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[454a] “is the power of the art of contradiction1!” “Why so?” “Because,” said I, “many appear to me to fall into it even against their wills, and to suppose that they are not wrangling but arguing, owing to their inability to apply the proper divisions and distinctions to the subject under consideration. They pursue purely verbal oppositions, practising eristic, not dialectic on one another.” “Yes, this does happen to many,” he said; “but does this observation apply to us too at present?” [454b] “Absolutely,” said I; “at any rate I am afraid that we are unawares2 slipping into contentiousness.” “In what way?” “The principle that natures not the same ought not to share in the same pursuits we are following up most manfully and eristically3 in the literal and verbal sense but we did not delay to consider at all what particular kind of diversity and identity4 of nature we had in mind and with reference to what we were trying to define it when we assigned different pursuits to different natures and the same to the same.” “No, we didn't consider that,” he said. [454c] “Wherefore, by the same token,” I said, “we might ask ourselves whether the natures of bald5 and long-haired men are the same and not, rather, contrary. And, after agreeing that they were opposed, we might, if the bald cobbled, forbid the long-haired to do so, or vice versa.” “That would be ridiculous,” he said. “Would it be so,” said I, “for any other reason than that we did not then posit likeness and difference of nature in any and every sense, but were paying heed solely to the kind of diversity [454d] and homogeneity that was pertinent6 to the pursuits themselves?” “We meant, for example, that a man and a woman who have a physician's7 mind have the same nature. Don't you think so?” “I do.” “But that a man physician and a man carpenter have different natures?” “Certainly, I suppose.”

“Similarly, then,” said I, “if it appears that the male and the female sex have distinct qualifications for any arts or pursuits, we shall affirm that they ought to be assigned respectively to each. But if it appears that they differ only in just this respect that the female bears [454e] and the male begets, we shall say that no proof has yet been produced that the woman differs from the man for our purposes, but we shall continue to think that our guardians and their wives ought to follow the same pursuits.” “And rightly,” said he. “Then, is it not the next thing to bid our opponent tell us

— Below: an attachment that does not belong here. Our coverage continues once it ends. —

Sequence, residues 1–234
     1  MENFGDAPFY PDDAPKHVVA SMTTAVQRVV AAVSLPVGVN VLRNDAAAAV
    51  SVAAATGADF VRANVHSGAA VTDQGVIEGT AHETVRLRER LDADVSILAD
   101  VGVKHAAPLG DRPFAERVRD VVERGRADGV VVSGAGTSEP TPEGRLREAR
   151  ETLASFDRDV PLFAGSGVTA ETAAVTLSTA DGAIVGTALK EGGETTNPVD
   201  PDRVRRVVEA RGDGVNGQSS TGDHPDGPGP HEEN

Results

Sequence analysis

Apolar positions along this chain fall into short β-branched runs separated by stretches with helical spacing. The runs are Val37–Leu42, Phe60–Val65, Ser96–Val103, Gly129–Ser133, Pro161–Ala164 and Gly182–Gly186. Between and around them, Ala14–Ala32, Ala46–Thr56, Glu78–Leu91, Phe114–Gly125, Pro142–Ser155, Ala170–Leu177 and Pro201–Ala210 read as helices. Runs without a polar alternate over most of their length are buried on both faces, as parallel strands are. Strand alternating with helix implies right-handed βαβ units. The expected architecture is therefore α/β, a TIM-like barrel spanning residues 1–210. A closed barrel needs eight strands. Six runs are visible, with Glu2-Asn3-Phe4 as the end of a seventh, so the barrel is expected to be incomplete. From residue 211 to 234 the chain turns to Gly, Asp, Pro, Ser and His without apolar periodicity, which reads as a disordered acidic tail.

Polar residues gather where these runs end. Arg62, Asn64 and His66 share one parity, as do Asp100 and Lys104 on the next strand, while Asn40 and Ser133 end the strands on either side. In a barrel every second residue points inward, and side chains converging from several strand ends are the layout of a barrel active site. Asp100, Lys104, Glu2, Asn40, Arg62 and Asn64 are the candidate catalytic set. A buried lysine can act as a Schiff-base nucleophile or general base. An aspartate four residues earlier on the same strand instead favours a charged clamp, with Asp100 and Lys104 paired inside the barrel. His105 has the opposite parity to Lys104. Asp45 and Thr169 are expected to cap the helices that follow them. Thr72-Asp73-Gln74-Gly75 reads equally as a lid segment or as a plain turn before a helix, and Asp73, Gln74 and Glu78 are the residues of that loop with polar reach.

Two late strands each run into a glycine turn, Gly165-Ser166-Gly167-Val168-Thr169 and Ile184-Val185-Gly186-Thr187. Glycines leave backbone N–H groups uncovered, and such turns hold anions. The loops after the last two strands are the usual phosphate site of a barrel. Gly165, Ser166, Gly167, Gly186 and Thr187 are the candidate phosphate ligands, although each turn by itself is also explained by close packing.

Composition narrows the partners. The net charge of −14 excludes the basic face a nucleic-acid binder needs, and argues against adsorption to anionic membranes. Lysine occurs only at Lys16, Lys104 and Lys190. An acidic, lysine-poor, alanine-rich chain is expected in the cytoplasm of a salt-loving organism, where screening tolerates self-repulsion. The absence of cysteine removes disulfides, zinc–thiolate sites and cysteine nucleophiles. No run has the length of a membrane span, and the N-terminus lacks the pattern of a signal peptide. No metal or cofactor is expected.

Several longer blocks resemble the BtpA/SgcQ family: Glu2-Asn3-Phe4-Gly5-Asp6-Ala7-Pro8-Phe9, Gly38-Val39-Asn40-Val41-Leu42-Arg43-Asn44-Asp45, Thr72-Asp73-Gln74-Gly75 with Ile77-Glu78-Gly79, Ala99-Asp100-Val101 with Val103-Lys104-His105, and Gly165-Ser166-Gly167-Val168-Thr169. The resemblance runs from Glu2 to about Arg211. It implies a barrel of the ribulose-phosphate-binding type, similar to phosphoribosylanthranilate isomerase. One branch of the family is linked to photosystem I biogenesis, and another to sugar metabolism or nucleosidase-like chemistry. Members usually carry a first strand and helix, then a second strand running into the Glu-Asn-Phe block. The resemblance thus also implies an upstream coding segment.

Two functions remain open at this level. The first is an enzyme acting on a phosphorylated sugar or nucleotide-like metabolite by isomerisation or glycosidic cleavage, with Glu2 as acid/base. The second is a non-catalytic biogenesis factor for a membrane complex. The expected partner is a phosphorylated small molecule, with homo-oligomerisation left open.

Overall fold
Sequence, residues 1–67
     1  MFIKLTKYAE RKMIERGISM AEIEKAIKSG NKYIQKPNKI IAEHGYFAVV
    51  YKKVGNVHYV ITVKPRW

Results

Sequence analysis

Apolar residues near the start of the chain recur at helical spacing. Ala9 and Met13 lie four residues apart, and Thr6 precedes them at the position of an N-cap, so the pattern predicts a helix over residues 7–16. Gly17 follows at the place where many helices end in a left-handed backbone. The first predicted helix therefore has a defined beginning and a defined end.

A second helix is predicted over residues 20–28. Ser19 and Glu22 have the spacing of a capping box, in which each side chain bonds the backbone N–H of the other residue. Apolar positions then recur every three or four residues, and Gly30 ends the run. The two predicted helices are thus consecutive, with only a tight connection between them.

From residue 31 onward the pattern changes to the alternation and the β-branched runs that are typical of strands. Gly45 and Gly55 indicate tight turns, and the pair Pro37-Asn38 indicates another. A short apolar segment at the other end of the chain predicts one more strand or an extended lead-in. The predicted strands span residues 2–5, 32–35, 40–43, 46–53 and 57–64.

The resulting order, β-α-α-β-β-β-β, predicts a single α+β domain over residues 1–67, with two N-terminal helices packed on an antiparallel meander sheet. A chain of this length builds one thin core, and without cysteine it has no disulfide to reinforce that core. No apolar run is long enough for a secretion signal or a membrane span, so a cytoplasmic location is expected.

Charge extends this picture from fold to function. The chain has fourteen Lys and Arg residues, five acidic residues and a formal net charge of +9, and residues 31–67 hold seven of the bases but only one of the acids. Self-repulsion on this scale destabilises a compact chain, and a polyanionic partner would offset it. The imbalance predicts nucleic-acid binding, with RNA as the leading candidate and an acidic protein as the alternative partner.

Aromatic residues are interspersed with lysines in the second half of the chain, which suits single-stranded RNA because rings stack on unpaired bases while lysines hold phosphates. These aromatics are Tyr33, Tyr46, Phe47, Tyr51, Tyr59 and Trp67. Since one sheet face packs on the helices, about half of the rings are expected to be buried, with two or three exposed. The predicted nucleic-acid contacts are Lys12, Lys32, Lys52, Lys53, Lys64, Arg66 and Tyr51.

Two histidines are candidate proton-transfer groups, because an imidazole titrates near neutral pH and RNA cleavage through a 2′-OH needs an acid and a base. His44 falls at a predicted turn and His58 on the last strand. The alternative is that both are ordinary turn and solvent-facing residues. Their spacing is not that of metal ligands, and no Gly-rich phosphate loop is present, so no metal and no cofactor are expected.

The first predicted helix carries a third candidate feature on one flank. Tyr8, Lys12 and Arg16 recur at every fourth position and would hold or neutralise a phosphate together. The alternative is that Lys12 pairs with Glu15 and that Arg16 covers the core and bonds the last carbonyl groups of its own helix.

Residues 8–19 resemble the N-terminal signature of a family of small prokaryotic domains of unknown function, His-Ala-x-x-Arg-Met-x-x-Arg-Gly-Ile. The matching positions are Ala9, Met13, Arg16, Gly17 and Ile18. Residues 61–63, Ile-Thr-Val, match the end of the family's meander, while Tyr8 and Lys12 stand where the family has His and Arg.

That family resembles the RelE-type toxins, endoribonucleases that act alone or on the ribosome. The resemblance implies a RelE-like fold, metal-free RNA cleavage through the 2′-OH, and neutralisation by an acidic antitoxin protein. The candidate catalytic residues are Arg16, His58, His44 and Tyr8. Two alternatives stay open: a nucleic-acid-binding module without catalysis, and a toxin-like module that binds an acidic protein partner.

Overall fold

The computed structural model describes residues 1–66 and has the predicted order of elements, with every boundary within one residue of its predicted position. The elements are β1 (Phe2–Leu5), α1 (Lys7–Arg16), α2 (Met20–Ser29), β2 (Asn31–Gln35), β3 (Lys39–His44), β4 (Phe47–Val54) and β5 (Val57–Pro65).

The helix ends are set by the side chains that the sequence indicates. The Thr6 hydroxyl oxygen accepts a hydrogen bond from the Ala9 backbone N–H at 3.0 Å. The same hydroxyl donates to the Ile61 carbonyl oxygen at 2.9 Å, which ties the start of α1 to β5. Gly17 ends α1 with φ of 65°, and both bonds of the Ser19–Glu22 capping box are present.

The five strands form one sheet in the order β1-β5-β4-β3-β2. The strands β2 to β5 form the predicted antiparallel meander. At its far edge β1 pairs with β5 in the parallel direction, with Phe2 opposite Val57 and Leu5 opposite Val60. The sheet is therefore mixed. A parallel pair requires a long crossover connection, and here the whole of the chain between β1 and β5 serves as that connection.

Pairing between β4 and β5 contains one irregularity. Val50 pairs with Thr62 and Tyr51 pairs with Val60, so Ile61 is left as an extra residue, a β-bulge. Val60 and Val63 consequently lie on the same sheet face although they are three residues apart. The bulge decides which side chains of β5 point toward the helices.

1 ἀντιλογικῆς: one of several designations for the eristic which Isocrates maliciously confounds with dialectic while Plato is careful to distinguish them. Cf. E. S. Thompson, The Meno of Plato, Excursus V., pp. 272 ff. and the introduction to E.H. Gifford's Euthydemus, p. 42. Among the marks of eristic are the pusuit of merely verbal oppositions as here and Euthydemus 278 A, 301 B, Theaetetus 164 C; the neglect to distinguish and divide, Philebus 17 A, Phaedrus 265 E, 266 A, B; the failure to distinguish the hypothesis from its consequences, Phaedo 101 E, Parmenides 135-136.

2 ἄκοντες is almost “unconscious.” Cf. Philebus 14 C.

3 Greek style often couples thus two adverbs, the second defining more specifically the first, and, as here and often in Plato and Aristophanes, with humorous or paradoxical effect. Cf. Aristophanes Knights 800εὖ καὶ μιαρῶς. So Shakespeare “well and chirurgeonly.”

4 Cf. Sophist 256 A-B for the relativity of “same” and “other.”Politicus 292 C describes in different language the correct method.

5 For this humorously trivial illustration cf. Mill, Rep. Gov. chap. viii. p. 190: “I have taken no account of difference of sex. I consider it to be as entirely irrelevant to political rights as difference in height, or in the color of the hair;” and Mill's disciple Leslie Stephen, The English Utilitarians, i. 291: “We may at least grant that the burden of proof should be upon those who would disfranchise all red-haired men.”

6 Cf. Laches 190 Dεἰς τείνειν δοκεῖ, Protagoras 345 B.

7 Adam makes difficulties, but Cf. Laws 963 Aνοῦν . . . κυβερνητικὸν μὲν καὶ ἰατρικὸν καὶ στρατηγικόν. The translation follows Hermann despite the objection that this reading forestalls the next sentence. Cf. Campbell ad loc. and Apelt, Woch. für klass. Phil., 1903, p. 344.

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